According to newspaper accounts, Ethel didn’t die easy. For 10 days in November 1918, she lingered in a Richmond hospital before succumbing to her injuries, caused by two bullet wounds through her left lung.
In the last days of her life, between labored breaths and unimaginable pain, Ethel dictated her will to her mother and bequeathed “many pieces of diamond jewelry” to her mother, Carrie Grace Schneittacher. Carrie had come down from Girard, Pennsylvania so that Ethel Mae wouldn’t die alone.
Ten days earlier, Ethel Mae Brown had stepped off a train in downtown Richmond to meet her lover, Ralph E. Walker. It was a Wednesday night, about 7:00 o’clock, on a typical November night with temps in the mid-40s. Ethel and Ralph had met at Penniman, a World War One munitions plant on the York River. Ralph did the same work at Penniman as he’d done back home in Chattanooga: He managed the livestock at the plant. Ethel was a foreman, probably in the shell-loading area.
Both Ralph and Ethel were married, but not to each other.
Eyewitnesses later told police that there was an argument between the two as they stood on the sidewalk at 14th and Main Street. Ralph (55) pulled a pistol from his pocket and shot Ethel Mae (38) twice in the left chest at close range. She fell to the ground immediately. He then pointed the pistol at his own chest, and fired two shots before collapsing on the sidewalk.
Splayed on the sidewalk, bleeding out from two wounds, Ralph managed to prop himself up on one elbow, point the pistol at Ethel and fire two more bullets at her, with one bullet grazing her head.
Ralph then collapsed.
Richmond Patrolman Walter M. Angel had just passed the couple moments earlier. Upon hearing the gun shots, he rushed back to the corner, and saw the horrid scene. Using a citizen’s vehicle, Ethel was rushed to Virginia Hospital, about one mile away. Another patrolman rushed Ralph to the hospital, where he died less than 30 minutes later.
It was November 13, 1918. The Great War had ended two days earlier. While the entire world celebrated, Ralph fretted. Soon, he’d be separated from his sweetheart.
It’s my opinion that Ralph had decided sometime earlier that he’d either sweep Ethel away to a new life, or take both of their lives. Either way, Ralph had no intention of returning home. Shortly before meeting Ethel at the train, Ralph had checked into Rueger’s Hotel signing the register as “F. H. Armstrong of Birmingham, Alabama.”
Back in Chattanooga, Ralph had a wife and six children, one of whom (Ralph, Jr., age 28) had become an invalid after a terrible street-car accident. Ralph, Sr. came from a prominent Chattanooga family, and was the youngest son of Judge Dawson Walker, and the brother of Judge Seth Walker. Ralph’s work had always centered around buying, selling and managing livestock.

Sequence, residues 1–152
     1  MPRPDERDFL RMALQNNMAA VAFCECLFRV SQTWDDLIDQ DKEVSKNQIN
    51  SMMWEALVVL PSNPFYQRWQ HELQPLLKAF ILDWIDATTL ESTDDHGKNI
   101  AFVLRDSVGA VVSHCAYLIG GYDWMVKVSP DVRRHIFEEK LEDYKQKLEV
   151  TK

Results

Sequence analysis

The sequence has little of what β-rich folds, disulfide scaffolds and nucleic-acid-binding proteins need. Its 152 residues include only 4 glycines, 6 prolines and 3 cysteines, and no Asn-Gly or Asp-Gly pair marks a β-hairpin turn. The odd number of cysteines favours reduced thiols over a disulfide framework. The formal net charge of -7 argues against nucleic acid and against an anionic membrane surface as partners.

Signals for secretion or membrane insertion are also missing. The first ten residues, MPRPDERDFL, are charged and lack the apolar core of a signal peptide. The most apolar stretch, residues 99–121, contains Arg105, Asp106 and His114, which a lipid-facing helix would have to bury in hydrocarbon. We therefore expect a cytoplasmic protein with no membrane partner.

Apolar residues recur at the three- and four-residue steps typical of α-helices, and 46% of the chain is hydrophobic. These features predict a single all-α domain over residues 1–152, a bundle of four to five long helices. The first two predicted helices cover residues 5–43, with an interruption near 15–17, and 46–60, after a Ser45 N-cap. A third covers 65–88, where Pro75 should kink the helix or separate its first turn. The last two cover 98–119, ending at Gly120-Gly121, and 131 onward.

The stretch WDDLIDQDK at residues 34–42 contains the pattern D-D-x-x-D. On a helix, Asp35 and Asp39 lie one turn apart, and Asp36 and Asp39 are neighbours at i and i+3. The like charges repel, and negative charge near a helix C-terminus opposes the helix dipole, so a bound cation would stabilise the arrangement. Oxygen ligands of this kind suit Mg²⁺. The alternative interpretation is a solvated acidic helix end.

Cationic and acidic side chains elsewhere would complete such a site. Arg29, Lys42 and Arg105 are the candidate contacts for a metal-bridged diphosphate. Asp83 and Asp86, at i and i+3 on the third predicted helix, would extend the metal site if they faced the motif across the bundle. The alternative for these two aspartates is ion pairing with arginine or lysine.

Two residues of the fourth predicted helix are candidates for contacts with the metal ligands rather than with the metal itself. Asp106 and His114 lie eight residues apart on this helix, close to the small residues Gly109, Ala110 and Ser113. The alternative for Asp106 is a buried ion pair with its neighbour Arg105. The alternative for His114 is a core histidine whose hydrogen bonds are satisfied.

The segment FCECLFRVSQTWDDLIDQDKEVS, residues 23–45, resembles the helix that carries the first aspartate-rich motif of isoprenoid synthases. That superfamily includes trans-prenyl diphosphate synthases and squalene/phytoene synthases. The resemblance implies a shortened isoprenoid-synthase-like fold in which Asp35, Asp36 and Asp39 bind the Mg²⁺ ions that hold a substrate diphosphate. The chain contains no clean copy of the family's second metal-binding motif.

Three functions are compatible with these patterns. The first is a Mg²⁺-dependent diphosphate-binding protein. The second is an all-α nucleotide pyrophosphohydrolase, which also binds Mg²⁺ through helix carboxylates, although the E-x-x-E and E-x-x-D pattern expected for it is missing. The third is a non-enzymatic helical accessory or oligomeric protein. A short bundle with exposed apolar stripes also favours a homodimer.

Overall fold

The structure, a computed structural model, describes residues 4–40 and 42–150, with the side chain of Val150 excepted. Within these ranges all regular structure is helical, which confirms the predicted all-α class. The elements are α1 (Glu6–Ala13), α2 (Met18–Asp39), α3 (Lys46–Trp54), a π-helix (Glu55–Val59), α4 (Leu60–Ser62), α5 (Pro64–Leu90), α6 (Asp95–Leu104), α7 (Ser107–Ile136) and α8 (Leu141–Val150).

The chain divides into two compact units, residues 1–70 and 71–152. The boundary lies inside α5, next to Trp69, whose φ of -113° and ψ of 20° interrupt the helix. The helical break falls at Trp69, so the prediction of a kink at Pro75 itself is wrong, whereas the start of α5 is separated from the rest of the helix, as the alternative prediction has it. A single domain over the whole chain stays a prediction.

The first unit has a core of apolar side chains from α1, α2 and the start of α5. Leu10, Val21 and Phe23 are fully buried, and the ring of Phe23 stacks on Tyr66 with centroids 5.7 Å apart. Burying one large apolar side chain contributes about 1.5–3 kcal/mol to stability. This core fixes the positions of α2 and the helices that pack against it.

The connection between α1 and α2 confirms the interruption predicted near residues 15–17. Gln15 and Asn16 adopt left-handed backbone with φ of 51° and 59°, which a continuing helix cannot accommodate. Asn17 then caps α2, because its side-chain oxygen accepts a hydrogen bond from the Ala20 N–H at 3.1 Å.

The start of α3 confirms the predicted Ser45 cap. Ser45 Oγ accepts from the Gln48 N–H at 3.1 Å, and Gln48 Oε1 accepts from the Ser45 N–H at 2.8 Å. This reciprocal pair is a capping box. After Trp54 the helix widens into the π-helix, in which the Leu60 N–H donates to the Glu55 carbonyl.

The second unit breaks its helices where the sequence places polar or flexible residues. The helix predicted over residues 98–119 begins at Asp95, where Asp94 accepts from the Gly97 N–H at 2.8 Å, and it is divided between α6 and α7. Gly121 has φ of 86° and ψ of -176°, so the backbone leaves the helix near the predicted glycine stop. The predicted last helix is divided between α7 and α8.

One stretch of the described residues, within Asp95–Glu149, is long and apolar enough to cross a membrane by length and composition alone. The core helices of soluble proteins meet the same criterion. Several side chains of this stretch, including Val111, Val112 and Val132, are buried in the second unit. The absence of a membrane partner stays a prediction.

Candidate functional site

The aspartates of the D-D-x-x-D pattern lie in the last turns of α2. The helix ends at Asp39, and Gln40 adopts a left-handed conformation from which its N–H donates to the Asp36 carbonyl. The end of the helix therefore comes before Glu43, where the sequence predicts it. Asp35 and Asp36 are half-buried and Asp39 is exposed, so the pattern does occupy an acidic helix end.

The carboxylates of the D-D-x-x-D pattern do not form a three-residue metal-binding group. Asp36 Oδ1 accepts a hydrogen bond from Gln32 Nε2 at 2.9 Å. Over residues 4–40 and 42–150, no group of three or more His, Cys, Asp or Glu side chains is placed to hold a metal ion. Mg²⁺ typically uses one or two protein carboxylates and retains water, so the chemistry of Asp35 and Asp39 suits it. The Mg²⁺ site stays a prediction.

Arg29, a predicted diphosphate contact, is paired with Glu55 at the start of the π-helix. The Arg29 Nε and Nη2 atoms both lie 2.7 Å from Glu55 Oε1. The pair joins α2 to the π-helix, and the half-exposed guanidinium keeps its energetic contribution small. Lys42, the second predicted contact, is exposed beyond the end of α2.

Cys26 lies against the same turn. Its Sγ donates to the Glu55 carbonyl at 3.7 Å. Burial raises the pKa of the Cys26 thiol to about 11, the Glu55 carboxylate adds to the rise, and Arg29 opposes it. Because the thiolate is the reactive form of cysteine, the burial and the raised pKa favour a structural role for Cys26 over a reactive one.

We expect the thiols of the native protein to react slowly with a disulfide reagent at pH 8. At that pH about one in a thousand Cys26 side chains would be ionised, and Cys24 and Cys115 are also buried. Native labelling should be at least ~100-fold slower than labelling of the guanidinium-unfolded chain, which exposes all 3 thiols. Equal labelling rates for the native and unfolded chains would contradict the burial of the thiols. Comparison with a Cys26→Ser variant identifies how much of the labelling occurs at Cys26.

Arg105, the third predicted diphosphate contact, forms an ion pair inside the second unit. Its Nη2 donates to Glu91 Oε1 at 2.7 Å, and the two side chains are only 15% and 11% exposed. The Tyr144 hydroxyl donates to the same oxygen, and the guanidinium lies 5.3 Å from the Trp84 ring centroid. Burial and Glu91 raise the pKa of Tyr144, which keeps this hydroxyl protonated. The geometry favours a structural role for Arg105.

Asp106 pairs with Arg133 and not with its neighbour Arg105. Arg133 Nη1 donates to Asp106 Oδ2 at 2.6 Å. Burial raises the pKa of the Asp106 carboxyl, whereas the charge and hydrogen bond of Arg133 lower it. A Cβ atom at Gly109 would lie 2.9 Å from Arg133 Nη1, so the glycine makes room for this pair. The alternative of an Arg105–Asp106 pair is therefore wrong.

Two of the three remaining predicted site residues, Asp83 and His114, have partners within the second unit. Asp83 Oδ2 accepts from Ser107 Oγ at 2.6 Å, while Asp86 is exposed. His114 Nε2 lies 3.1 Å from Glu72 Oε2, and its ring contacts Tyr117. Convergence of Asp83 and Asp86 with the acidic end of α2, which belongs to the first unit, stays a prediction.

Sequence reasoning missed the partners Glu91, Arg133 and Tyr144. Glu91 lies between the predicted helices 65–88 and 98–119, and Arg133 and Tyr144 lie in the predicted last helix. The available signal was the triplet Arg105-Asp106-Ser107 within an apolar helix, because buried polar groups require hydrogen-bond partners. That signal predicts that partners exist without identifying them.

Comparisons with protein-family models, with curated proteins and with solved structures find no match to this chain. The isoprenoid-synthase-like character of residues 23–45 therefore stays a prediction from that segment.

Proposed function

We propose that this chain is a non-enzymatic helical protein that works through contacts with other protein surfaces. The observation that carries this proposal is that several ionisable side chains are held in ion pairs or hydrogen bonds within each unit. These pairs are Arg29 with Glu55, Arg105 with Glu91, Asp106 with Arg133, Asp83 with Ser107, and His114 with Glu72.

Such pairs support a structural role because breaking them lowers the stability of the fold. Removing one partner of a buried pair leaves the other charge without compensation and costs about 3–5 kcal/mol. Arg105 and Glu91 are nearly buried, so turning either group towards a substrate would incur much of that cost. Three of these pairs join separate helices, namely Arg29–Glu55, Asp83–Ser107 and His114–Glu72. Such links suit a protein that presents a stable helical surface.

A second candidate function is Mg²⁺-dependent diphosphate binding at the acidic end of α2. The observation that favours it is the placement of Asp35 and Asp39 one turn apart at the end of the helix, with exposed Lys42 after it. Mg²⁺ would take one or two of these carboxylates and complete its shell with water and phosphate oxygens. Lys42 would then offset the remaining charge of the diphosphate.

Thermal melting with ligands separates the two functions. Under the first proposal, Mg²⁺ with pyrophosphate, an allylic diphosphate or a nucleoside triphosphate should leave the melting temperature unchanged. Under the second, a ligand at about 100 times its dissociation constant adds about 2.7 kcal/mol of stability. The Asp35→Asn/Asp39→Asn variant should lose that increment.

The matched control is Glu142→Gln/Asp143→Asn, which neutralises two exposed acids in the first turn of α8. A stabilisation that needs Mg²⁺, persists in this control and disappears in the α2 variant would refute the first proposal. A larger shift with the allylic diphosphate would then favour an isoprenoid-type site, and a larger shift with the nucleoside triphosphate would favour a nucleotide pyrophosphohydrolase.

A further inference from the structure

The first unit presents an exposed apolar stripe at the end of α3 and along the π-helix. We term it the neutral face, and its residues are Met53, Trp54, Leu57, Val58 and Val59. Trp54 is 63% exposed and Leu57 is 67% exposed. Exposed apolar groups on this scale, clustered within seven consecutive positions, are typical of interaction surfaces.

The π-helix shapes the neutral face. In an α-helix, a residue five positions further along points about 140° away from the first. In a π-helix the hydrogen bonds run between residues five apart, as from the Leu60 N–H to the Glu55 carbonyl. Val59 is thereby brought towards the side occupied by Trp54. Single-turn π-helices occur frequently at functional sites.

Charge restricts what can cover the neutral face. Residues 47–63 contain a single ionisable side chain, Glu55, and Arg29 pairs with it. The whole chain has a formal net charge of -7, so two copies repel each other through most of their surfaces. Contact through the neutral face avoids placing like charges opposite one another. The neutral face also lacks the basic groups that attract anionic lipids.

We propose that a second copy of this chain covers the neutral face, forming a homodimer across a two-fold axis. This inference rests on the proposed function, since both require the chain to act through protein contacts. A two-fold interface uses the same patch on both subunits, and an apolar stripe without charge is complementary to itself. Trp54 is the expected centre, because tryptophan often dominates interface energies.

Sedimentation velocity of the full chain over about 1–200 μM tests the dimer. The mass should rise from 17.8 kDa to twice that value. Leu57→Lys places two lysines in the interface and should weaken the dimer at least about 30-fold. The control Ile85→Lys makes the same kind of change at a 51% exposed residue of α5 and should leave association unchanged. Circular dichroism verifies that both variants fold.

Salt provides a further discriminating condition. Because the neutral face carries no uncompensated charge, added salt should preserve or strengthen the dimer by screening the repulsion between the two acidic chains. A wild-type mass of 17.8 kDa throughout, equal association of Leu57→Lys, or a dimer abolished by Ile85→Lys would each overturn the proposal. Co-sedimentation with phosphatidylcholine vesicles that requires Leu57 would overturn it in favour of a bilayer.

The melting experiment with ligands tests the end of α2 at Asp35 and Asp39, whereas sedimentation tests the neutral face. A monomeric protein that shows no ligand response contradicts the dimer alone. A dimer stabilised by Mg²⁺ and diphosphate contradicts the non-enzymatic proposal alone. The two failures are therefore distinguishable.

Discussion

Despite Ethel’s suffering, she consistently refused to provide details of the tragedy to the police or medical staff. When admitted to the hospital, she used the name, “Mrs. N. E. Brown.” Eventually, she told the staff that her name was Ethel Mae Brown. The newspaper articles explained that she wished to keep her identity a secret, because her husband was “a prominent physician in Pennsylvania.”
Ethel would only tell the police that Ralph “had been despondent for some time,” and that he had a terrible temper. Ethel told the police that Ralph had shot her “in a fit of anger…following a quarrel.”
In the wee hours of November 22, 1918, Ethel breathed her last, “with the secrets of this [story] still locked in her heart” (Richmond Times-Dispatch, November 23, 1918). Her body was prepared by Henry W. Woody Funeral Home of Richmond and shipped to Girard later that day.
Until a couple days ago, that’s a summary of everything we knew about Ralph and Ethel. Thanks to Genealogist Extraordinaire Milton Crum and Ohio Historian Ashley Armstrong-Zwart, we now know quite a bit more about Ethel.
Ethel and her mother misrepresented Ethel’s age on several legal documents, but we now have a confirmed birth date of October 23, 1880. Her father was Wilford Joseph Schneittacher and her mother was Carrie Grace Young Schneittacher. Carrie was born in 1865, and she was only 15 when Ethel was born.
On June 3, 1905, Ethel married Dr. Sydney R. Titsworth in Manhattan. The two had met at J. Hood Wright Hospital (also in Manhattan). Sydney didn’t tell his poor blind mama about his marriage for more than a year. When he went home to Plainfield, New Jersey, he sprung the news on everyone. The story of the young doctor who returned home with “a diploma and a bride” was a headline in the New York Times (June 14, 1906).